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Transition from coherent cores to surrounding cloud in L1688

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Choudhury,  Spandan
Center for Astrochemical Studies at MPE, MPI for Extraterrestrial Physics, Max Planck Society;

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Pineda,  Jaime E.
Center for Astrochemical Studies at MPE, MPI for Extraterrestrial Physics, Max Planck Society;

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Caselli,  Paola
Center for Astrochemical Studies at MPE, MPI for Extraterrestrial Physics, Max Planck Society;

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Redaelli,  Elena
Center for Astrochemical Studies at MPE, MPI for Extraterrestrial Physics, Max Planck Society;

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Citation

Choudhury, S., Pineda, J. E., Caselli, P., Offner, S. S. R., Rosolowsky, E., Friesen, R. K., et al. (2021). Transition from coherent cores to surrounding cloud in L1688. Astronomy and Astrophysics, 648: A114. doi:10.1051/0004-6361/202039897.


Cite as: http://hdl.handle.net/21.11116/0000-0009-2660-0
Abstract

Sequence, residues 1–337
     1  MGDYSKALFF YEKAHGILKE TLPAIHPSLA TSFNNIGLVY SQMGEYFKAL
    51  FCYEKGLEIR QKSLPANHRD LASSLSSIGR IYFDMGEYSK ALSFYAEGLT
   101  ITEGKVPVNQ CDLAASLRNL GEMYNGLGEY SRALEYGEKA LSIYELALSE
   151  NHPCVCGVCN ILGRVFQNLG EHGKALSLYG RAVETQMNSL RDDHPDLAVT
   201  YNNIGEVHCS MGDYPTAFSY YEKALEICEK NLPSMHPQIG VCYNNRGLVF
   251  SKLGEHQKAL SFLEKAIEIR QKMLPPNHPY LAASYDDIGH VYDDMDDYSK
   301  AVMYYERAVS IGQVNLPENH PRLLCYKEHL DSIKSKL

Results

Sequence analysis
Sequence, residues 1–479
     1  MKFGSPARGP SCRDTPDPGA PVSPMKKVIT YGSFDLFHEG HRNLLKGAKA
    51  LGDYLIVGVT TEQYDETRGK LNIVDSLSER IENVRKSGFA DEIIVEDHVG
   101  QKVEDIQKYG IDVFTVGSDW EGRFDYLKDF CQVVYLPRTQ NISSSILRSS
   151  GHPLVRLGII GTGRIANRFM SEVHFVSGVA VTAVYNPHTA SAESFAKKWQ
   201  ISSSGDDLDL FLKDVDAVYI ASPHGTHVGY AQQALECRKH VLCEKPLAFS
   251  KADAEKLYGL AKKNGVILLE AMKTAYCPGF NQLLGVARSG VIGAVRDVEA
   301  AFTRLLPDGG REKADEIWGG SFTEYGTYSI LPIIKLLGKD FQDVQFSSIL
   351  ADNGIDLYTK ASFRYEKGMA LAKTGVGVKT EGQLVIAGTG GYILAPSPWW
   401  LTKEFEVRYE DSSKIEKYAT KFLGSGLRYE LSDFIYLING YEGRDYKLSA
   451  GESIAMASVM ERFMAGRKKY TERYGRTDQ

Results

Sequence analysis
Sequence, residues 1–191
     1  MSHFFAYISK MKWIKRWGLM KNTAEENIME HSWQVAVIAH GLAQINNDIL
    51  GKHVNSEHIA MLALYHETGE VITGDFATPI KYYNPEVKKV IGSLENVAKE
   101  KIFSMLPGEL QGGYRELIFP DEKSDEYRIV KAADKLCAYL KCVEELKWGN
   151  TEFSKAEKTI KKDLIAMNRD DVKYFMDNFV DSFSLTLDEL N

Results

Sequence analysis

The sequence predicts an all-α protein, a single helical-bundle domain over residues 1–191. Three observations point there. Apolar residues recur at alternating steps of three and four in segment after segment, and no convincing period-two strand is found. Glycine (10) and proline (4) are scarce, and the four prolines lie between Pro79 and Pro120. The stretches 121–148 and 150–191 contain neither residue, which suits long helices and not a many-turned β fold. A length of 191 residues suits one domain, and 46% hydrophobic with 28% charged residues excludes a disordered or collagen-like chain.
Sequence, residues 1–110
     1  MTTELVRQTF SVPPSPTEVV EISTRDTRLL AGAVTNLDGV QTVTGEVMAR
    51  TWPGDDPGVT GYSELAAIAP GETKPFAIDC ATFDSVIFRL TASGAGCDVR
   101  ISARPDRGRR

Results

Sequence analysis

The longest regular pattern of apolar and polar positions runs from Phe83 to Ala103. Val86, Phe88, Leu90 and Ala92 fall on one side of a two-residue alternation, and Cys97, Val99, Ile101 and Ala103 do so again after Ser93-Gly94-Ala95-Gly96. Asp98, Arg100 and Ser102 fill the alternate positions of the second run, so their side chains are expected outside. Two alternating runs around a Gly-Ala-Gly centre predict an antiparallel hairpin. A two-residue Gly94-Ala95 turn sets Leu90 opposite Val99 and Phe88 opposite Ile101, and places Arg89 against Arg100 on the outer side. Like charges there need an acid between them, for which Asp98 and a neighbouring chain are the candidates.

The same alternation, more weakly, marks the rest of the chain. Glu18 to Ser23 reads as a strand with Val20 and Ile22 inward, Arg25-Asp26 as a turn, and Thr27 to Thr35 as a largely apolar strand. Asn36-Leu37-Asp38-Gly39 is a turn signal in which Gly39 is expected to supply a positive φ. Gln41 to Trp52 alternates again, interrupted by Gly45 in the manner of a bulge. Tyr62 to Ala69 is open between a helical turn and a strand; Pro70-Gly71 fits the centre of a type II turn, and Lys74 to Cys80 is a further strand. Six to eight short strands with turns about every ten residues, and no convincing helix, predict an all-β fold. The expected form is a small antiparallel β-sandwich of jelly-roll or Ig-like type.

Context. Stars form in cold dense cores showing subsonic velocity dispersions. The parental molecular clouds display higher temperatures and supersonic velocity dispersions. The transition from core to cloud has been observed in velocity dispersion, but temperature and abundance variations are unknown. Aims. We aim to measure the temperature and velocity dispersion across cores and ambient cloud in a single tracer to study the transition between the two regions. Methods. We use NH3 (1,1) and (2,2) maps in L1688 from the Green Bank Ammonia Survey, smoothed to 1′, and determine the physical properties by fitting the spectra. We identify the coherent cores and study the changes in temperature and velocity dispersion from the cores to the surrounding cloud. Results. We obtain a kinetic temperature map extending beyond dense cores and tracing the cloud, improving from previous maps tracing mostly the cores. The cloud is 4–6 K warmer than the cores, and shows a larger velocity dispersion (Δσv = 0.15–0.25 km s−1). Comparing to Herschel-based dust temperatures, we find that cores show kinetic temperatures that are ≈1.8 K lower than the dust temperature, while the gas temperature is higher than the dust temperature in the cloud. We find an average p-NH3 fractional abundance (with respect to H2) of (4.2 ± 0.2) × 10−9 towards the coherent cores, and (1.4 ± 0.1) × 10−9 outside the core boundaries. Using stacked spectra, we detect two components, one narrow and one broad, towards cores and their neighbourhoods. We find the turbulence in the narrow component to be correlated with the size of the structure (Pearson-r = 0.54). With these unresolved regional measurements, we obtain a turbulence–size relation of σv,NT ∝ r0.5, which is similar to previous findings using multiple tracers. Conclusions. We discover that the subsonic component extends up to 0.15 pc beyond the typical coherent boundaries, unveiling larger extents of the coherent cores and showing gradual transition to coherence over ~0.2 pc.